matt lambert explores safe spaces for grindr's first photo book
At his launch event in Berlin we sat down with the photographer to talk about the importance of digital and IRL communities, Grindr and misconceptions surrounding casual intimacy.
A hidden villa not far from Alexanderplatz was the setting for Berlin-based photographer Matt Lambert's launch of Home, his latest publication — the first done in collaboration with Grindr. During the evening we sat down with the Matt to get all the details about his latest project.
Tell us a little bit about the concept behind project.
The initial conversations began right after the Pulse Nightclub shooting in Orlando. Until you've felt uncomfortable and unable to express your identity or sexuality in public spaces, you can't necessarily understand the value of safe spaces. In big cities it's easier to lose sight of that. But if you take a look at smaller towns, you realise that places like that are often the only thing LGBTQ people have — the only place they can go to be themselves. Digital spaces have now allowed this experience to expand.
So how did you turn the idea into a book?
I asked people the simple question, 'Where is the space/place that you feel safe, or first felt safe?' Looking back at gay history you can see the overwhelming importance of these spaces. The people that I spoke to for this project are mainly in their early twenties, and told me that the first space they could express themselves truly was online. The first time they could have intimate conversations or the first time they could present their true selves. It's this casual connectivity that can lead to feelings of solidarity. It's more a book about intimacy rather than a book about sex, and it's more personal than my previous books. We put so much love into it, it's so special to me.
What does the title of the book mean to you?
It comes from the saying "Home is where I lay my head," which a friend of mine once said to me. Home for me is a place where you feel comfortable, a place you feel deeply connected to. It doesn't necessarily have to be a physical space, it's more of a feeling you have. Feeling safe, feeling loved. The word 'home' is so relative. You can be in your own house but not feel at home. Instead you may be able to go online and find comfort, which is especially true for LGBTQ youth. So we just wanted to play with this relativity of 'home' and what it actually means or what it can mean.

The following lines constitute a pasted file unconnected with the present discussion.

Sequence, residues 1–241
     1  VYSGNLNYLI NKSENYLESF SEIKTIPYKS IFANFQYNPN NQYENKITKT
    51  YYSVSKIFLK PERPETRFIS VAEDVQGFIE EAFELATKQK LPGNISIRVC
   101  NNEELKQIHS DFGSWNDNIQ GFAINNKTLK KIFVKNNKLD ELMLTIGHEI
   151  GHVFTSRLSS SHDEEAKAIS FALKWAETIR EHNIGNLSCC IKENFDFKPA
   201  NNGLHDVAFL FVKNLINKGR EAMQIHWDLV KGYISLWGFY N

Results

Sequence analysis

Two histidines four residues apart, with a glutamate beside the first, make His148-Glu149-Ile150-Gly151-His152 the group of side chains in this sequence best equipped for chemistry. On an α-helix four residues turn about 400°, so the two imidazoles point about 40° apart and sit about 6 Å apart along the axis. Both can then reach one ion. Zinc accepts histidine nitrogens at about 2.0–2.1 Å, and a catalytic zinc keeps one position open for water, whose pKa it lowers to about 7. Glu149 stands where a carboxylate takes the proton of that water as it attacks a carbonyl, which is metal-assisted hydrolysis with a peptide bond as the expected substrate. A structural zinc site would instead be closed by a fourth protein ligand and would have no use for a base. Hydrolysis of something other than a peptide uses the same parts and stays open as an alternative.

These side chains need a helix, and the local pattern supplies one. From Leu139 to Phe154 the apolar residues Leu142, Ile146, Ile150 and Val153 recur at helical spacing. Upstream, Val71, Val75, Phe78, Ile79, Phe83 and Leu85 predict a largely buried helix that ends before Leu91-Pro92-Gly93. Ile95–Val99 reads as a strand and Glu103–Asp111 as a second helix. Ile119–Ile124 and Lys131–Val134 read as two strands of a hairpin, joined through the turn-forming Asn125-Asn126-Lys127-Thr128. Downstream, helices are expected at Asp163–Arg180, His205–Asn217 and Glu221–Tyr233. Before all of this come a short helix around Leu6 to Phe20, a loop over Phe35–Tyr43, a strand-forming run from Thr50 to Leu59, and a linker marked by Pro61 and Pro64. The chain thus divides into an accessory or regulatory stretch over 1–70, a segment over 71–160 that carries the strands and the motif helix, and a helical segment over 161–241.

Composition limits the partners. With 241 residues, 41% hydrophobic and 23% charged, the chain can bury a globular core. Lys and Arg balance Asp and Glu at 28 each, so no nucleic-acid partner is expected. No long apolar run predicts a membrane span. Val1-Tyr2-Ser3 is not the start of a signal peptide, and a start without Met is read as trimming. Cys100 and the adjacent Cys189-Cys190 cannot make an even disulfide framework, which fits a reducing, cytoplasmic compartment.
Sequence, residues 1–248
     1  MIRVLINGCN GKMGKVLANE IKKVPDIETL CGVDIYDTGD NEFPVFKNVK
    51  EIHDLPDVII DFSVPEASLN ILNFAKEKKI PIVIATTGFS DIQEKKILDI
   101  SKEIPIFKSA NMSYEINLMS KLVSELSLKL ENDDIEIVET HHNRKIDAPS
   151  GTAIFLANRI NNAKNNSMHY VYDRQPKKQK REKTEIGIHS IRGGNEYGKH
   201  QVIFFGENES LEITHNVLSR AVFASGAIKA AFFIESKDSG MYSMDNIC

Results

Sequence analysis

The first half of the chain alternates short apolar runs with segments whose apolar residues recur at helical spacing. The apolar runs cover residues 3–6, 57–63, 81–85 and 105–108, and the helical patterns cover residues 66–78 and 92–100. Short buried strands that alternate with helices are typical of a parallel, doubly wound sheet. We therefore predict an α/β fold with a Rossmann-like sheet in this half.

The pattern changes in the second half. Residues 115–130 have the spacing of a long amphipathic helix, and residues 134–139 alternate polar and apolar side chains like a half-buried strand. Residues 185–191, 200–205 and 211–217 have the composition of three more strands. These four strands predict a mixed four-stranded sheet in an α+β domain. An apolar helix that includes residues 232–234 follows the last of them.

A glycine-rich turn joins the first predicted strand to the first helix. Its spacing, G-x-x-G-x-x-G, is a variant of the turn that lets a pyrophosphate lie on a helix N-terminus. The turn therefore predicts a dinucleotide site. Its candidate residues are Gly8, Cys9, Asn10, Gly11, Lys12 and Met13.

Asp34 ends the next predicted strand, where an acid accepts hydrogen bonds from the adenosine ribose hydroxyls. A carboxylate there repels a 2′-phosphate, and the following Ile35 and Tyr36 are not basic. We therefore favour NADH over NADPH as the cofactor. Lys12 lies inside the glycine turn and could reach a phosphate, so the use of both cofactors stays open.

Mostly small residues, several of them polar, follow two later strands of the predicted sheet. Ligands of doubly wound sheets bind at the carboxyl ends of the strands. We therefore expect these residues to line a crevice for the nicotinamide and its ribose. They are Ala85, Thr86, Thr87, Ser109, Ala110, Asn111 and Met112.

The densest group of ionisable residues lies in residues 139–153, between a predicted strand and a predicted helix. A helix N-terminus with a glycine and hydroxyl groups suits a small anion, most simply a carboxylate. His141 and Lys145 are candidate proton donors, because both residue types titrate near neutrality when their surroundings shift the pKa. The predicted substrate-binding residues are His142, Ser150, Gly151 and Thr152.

In your foreword you talk about casual intimacy. Why is it still such a taboo in mainstream culture?
With gay men there can be this very thin, blurry line between being friends and being sexual partners. This idea of being social and casual and sexual all at the same time. I think that this digital and IRL exploration of sexuality and casual intimacy might be kind of hard for some straight people to wrap their heads around. People really want to define everything, including other people's relationships, and it's the blurry line that allows something to remain beautifully undefined, but still real and with love. Labels can get in the way of the pleasure and happiness that comes with this type of liberty. People seem to get frustrated when the actions of others don't fit into the idea of what a heteronormative relationship is supposed to look like.
Is there one thing in particular that all your subjects agreed on or mentioned?
Some stories are really magical and others are mundane. They are real and represent the everyday. Most of the people I talked to didn't really see the point of the question, as their understanding of intimacy was completely integrated into their virtual spaces — as is mine — to the point that they'd never even questioned it.
Do you remember your first Grindr conversation or hook-up?
I don't remember the first hook-up, but I do remember the first conversation. The thought of the existence of this medium was almost transgressive. Now it's become something so natural.
How have you experienced this change?
It depends on where you are and what your reality is. Virtual worlds can be ones that enhance your physical existence or entities that exist in opposition to who you are IRL. I see a shift away from "slut-shaming" and toward sex positivity in my community, but outside of that there's a sense of fear and censorship that leads to internalised homophobia elsewhere.
Text Alexandra Bondi de Antoni
Photography Matt Lambert